For the most part, here’s what the article is all about:
The Apple Watch range starts out at $350, or $400 if you want a slightly larger model. It’s affordable, for most people, so if you want to be labeled as a pauper, go ahead and buy the Apple Watch Sport with a silicone band. But in the grand scheme of Apple watches, you may as well dress solely in sweatpants and a ratty t-shirt.
Aside from being made of 18-karat gold, the fanciest Apple Watch is exactly the same as the $350 Sport.
At the opposite end of the scale is the elegant 18-karat gold $10,000+ Watch Edition, as opposed to the workman-like silver of the Sport. Anyone who is (or dreams of being) someone will buy it, and Apple has made its most upmarket model standout in a disgustingly lavish way. Observers will only need a vague understanding of the Watch range to know you’ve got so much disposable income that you could buy their feeble existence twice over and still have enough money in the bank for a private island or two.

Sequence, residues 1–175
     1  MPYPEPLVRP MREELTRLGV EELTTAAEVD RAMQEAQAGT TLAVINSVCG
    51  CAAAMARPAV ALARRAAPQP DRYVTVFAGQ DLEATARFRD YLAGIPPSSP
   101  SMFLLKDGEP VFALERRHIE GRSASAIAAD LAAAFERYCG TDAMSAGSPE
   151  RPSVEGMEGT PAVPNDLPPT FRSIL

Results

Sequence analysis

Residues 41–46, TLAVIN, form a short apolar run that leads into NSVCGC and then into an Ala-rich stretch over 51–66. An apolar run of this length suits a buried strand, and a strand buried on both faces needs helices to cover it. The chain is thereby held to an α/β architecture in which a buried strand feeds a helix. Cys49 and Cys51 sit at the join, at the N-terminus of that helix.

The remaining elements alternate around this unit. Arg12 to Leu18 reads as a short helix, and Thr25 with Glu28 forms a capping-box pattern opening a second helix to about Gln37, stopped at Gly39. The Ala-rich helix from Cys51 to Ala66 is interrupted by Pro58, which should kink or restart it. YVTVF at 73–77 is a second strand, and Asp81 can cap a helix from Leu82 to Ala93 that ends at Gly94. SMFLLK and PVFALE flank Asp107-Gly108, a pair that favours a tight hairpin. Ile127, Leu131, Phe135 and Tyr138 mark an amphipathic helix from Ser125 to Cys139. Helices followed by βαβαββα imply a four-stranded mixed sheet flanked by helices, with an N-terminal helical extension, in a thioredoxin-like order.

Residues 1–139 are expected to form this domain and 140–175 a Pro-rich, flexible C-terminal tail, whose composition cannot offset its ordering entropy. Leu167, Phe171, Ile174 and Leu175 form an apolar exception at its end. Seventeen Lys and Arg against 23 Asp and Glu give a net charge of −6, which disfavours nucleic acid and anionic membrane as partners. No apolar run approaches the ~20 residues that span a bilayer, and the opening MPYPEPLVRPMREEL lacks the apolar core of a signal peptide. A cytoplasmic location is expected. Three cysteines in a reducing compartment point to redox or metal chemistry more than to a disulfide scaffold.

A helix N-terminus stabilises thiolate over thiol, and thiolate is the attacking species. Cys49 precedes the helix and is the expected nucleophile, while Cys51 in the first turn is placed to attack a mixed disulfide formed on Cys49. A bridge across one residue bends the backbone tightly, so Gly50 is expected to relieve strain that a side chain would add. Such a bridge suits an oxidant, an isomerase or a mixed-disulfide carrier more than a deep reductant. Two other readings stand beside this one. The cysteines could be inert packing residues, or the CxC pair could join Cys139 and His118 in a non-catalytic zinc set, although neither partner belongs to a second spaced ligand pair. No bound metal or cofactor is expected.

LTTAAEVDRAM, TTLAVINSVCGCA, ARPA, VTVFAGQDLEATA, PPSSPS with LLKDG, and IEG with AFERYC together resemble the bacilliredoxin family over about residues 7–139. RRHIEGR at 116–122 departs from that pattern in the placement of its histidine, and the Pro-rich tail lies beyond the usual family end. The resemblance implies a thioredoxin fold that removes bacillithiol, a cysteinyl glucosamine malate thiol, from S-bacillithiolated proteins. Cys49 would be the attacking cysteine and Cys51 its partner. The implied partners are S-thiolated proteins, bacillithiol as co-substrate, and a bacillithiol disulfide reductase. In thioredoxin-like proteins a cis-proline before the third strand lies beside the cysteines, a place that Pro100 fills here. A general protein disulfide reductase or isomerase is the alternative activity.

You know what’s funny? Aside from being made of 18-karat gold, the Watch Edition does exactly the same things as the one which costs $350. It even connects to the exact same phone, which unless it’s a custom job, doesn’t cost much more than $1,000.
I myself knew that the $10,000+ Watch Edition would have the same capabilities as the $350 Apple Watch, but reading the entire article opened up a new view for me on the topic. Which would be that the Apple Watch is nothing more than a status symbol. Now that I have reached that conclusion, the Apple Watch has become even more undesirable. Apple and other manufactures who are making smartwatches are charged with the daunting task of convincing people that they NEED a smartwatch and so far, most have failed. Electing to use the status symbol is a horrible idea. The have nots will be far greater than those who have and in order for people to want a product more, it’s important that the device is seen often in the hands of those that have.
The average consumer who will likely believe that paying $150 more for an Apple Watch that does the same thing on a more limited scale as their $199 on-contract priced iPhone won’t be worth it. That, of course, is if they are concerned with functionality. Chances are, if you plan on getting any of the higher tiered Apple Watches, you are in it for the status that comes with owning the device rather than it’s functionality.
Good luck to you.